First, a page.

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Keywords: alcohol, college, subjective response, prevention, self-control, personality, expectancies, context, comorbidity
The Behavioral Alcohol Research for Clinical Advancement lab (BARCA) conducts laboratory and survey research on processes involved in alcohol-related problems including alcohol use disorders. Laboratory-based studies are conducted in a simulated bar on the Arizona State University campus, the BARCA Lounge. Participants are administered alcohol and then observed in this quasi-naturalistic setting. Survey studies are designed to track drinking and other risky behaviors longitudinally to identify risk and protective factors for the development of related problems. The goal of both types of studies is to better inform prevention and intervention efforts. The BARCA lab will continue to apply the knowledge gained through experimental and longitudinal studies to the prevention and treatment of addictive behaviors.
The focus of BARCA's research is on factors that contribute to the development of alcohol related problems in adolescents and young adults. Substance use disorders are now the third most common psychiatric diagnosis, trailing only mood and anxiety disorders in prevalence in the general population. In addition, heavy alcohol use contributes to a host of high-risk behaviors with their own associated costs. Examples include unprotected sexual behavior that increases risk for HIV/AIDS, other drug use, problem gambling, and driving under the influence, which is responsible for a large proportion of traffic-related fatalities. The goals of Dr. Corbin's research are to improve our understanding of factors that lead to the development of alcohol related problems; and to develop effective programs for reducing alcohol-related harm in adolescents and young adults. The first research aim is met through a combination of a) longitudinal survey research on risk factors for heavy drinking and engagement in other risk behaviors (e.g. high risk sexual behavior, gambling), b) laboratory-based research on the relation between subjective response to alcohol and risk for alcohol-related problems, and c) laboratory-based research on the effects of alcohol on basic cognitive processes, decision making, and risk-taking. The second aim is met through prevention outcome studies targeting alcohol use and associated risk behaviors.
Contextual Influences on Alcohol Response and its Relation to Drinking Outcomes (NIAAA R01; July 2013 – June 2019). This project is designed to comprehensively assess alcohol response across multiple settings, including those that are more representative of real-world drinking contexts. Findings will facilitate the development of prevention programs that target unique patterns of response to alcohol across contexts.
Promotive and Protective Factors for Alcohol Use and Problems in Emerging Adults (NIAAA R21; September 2013 – August 2016). This project involves secondary data analyses to identify major classes of promotive/protective factors against heavy drinking and related problems in emerging adults. The results of these analyses will be used to develop a novel prevention program to bolster promotive/protective influences in incoming college students. We are currently evaluating the efficacy of this new program for students enrolled in PSY 191 at Arizona State University.
Genetic Mechanisms of Change in Trajectories of Drinking and Other Deviant Behaviors (with Dr. Kim Fromme; NIAAA R01; September 2012 – June 2019). The goals of this project are to collect survey and DNA data from an existing longitudinal sample to test the genetic mechanisms underlying different trajectories of drinking and other behavioral risks. Specifically, we are testing generalized deviance and subjective response to alcohol as distinct mechanisms through which genetic factors operate.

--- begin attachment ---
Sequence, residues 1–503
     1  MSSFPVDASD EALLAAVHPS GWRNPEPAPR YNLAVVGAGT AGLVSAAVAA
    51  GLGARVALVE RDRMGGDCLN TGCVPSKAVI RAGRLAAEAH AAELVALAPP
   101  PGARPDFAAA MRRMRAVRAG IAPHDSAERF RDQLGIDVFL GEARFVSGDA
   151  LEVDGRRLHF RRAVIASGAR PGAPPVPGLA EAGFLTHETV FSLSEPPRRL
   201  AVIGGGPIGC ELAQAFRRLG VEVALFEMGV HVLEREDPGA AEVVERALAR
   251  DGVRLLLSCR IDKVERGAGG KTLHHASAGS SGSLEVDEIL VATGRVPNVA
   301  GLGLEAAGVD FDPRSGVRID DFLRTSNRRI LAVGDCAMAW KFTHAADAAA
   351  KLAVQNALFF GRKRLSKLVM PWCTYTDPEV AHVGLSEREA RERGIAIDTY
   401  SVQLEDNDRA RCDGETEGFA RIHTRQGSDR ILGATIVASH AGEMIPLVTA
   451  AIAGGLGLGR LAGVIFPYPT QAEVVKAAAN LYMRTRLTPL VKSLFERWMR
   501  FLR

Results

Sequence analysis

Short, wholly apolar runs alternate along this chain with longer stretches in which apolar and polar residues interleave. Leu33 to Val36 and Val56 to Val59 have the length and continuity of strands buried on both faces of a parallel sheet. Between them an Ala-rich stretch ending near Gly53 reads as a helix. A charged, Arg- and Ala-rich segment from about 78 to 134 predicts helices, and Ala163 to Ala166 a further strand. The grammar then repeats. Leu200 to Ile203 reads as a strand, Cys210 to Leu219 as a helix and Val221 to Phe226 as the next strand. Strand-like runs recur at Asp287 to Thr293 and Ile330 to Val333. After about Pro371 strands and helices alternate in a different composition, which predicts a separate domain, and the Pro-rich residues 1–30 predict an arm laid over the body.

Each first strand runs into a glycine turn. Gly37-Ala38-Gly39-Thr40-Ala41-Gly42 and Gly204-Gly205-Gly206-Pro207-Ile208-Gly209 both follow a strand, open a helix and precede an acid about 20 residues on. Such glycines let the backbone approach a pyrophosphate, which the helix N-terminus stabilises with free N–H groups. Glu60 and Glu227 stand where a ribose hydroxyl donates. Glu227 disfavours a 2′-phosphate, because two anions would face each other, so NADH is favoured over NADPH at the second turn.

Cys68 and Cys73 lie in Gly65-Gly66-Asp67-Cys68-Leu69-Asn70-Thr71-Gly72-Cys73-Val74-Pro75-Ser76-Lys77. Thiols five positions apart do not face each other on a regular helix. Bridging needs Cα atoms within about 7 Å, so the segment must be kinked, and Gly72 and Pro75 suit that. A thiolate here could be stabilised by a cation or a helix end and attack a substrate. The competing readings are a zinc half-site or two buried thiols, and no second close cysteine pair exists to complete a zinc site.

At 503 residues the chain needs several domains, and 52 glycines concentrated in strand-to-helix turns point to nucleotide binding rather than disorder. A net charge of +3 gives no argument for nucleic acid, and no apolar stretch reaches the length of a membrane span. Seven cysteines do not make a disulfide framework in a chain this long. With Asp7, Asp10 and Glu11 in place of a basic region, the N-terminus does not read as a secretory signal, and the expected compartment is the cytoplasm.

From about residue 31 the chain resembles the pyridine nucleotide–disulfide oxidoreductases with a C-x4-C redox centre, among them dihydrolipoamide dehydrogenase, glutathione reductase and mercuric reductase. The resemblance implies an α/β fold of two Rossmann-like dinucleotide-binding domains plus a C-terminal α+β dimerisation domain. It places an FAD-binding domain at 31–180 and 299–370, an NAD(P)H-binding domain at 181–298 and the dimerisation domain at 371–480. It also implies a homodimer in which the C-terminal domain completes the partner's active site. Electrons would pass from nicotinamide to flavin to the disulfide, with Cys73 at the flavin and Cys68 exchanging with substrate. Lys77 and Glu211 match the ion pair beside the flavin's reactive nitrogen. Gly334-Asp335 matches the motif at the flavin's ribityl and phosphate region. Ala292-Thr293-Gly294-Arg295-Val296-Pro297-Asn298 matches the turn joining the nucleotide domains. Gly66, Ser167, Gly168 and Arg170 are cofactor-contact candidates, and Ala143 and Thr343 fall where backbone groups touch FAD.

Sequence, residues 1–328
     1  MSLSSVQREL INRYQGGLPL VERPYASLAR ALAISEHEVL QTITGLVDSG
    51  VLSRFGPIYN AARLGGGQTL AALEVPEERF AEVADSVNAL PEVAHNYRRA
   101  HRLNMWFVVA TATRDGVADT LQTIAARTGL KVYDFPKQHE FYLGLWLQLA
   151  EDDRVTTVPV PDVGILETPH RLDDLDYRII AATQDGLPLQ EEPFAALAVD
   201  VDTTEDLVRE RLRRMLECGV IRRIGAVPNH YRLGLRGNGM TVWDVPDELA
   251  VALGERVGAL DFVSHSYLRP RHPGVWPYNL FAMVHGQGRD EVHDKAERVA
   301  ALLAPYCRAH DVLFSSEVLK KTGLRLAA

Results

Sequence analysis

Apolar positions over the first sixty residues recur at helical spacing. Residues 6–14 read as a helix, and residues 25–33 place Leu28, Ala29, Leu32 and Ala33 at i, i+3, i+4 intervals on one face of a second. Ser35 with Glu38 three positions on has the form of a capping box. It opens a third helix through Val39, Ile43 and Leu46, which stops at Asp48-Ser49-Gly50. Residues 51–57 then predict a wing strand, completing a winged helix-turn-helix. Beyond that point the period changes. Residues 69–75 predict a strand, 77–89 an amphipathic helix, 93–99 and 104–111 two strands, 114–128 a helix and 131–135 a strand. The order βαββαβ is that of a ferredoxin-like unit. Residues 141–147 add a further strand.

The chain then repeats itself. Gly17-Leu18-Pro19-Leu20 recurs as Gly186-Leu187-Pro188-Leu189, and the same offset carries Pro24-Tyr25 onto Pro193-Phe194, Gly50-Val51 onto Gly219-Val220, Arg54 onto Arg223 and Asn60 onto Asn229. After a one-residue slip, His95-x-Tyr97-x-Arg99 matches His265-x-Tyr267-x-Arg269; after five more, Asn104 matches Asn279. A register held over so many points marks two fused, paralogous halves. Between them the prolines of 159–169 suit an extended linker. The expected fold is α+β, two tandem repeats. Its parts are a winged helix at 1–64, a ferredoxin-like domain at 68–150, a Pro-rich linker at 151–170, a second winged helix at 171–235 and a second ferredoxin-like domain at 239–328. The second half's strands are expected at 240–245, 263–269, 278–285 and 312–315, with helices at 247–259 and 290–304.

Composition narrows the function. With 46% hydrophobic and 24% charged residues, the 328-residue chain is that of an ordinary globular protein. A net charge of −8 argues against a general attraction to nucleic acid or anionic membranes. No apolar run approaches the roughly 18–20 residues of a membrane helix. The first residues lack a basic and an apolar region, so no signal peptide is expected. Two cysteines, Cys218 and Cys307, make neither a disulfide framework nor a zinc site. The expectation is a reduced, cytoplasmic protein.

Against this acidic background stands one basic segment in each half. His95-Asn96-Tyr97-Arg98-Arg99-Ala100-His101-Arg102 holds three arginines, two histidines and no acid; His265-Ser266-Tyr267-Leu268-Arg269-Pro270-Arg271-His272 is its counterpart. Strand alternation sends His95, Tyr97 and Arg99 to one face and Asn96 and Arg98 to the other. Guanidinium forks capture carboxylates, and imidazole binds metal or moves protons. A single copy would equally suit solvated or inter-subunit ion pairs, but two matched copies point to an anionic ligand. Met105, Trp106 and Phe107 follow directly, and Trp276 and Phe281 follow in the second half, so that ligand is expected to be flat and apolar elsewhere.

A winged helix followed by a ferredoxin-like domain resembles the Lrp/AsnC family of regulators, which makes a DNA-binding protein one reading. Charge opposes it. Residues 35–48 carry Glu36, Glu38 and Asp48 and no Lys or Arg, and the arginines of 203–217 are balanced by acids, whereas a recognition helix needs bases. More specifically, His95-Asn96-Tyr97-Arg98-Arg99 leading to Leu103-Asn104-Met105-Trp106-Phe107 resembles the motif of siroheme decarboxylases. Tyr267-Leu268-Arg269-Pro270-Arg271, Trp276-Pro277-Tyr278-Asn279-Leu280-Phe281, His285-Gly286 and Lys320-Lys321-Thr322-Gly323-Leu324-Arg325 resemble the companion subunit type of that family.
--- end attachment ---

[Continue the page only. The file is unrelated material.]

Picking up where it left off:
ASU Support for Success Initiative for Students in Transition to College (ASSIST-C) (with Drs. Leah Doane, Thao Ha, and the Office of Educational Outreach and Student Services). In collaboration with ASU professional staff, the ASU research faculty formulated a strengths-based curriculum for youth and parents that was offered to a random subset of incoming 2015 ASU students and their families. The program included modules on goal setting, academic engagement, peer relationships, romantic relationships, health behaviors, and emotional health. Data collection is now complete and we are currently evaluating the outcomes of the program.
Trait and state ECF deficits under alcohol: Developmental paths to alcohol misuse (submitted to NIAAA for review; with Drs. Laurie Chassin and Madeline Meier). This project examines both state and trait executive cognitive functions (ECF) and acute tolerance alcohol effects as potential mechanisms through which a family history of alcoholism contributes to risk for alcohol-related problems. The project brings together a rich three-generation longitudinal study of family history, an alcohol challenge, and retinal imaging to address this important research question.
Anxiety and Subjective Response to Alcohol: Moderating Effects of Drinking Context and Mediation by Cortisol Response to Alcohol. This study aims to understand the nature of relations among anxiety symptoms, physiological response to alcohol (specifically, changes in salivary cortisol levels in response to alcohol) and subjective response to alcohol. Analyses will also address the extent to which drinking context impacts relations among these variables.
Multidimensional Assessment of Self-Control (MASC) measurement development. Several studies sought to create a new brief survey measure of top-down self-control that differentiates between self-control perceived capacity, internal motivation, and external motivation. The three subscales uniquely related to various self-reported behavioral outcomes and accounted for additional variance beyond that accounted for by a widely used measure of self-control (BSCS; Tangney, Baumeister, & Boone, 2004). Future studies are needed to establish the stability of multiple dimensions of self-control, their ability to prospectively predict health risk and protective behavior, and to develop state-like and domain-specific measures of self-control. Currently, we are conducting a laboratory-based study of this measure as it relates to executive cognitive function (ECF) and behavior.